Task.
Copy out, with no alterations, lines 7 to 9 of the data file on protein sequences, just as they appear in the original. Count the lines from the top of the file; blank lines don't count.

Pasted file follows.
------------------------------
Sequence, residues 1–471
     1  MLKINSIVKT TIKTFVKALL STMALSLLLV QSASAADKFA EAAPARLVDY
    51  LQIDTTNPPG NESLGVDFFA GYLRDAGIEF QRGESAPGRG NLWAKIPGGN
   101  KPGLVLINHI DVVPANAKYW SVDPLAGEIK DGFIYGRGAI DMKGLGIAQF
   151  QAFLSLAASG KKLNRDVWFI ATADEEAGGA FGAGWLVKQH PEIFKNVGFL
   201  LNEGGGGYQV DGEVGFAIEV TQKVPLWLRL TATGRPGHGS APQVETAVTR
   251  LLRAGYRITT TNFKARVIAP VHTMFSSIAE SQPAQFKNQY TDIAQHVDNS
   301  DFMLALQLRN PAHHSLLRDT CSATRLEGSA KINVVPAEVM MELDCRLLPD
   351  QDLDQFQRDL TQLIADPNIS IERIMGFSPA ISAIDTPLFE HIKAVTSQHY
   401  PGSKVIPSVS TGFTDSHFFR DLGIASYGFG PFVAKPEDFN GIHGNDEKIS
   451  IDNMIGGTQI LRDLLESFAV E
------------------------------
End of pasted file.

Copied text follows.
   251  LLRAGYRITT TNFKARVIAP VHTMFSSIAE SQPAQFKNQY TDIAQHVDNS
   301  DFMLALQLRN PAHHSLLRDT CSATRLEGSA KINVVPAEVM MELDCRLLPD
   351  QDLDQFQRDL TQLIADPNIS IERIMGFSPA ISAIDTPLFE HIKAVTSQHY